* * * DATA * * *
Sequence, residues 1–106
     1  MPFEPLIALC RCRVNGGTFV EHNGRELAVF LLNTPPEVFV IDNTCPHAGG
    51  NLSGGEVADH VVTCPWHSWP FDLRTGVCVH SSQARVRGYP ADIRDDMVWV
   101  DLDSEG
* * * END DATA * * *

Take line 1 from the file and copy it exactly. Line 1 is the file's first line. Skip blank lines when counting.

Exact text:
Sequence, residues 1–106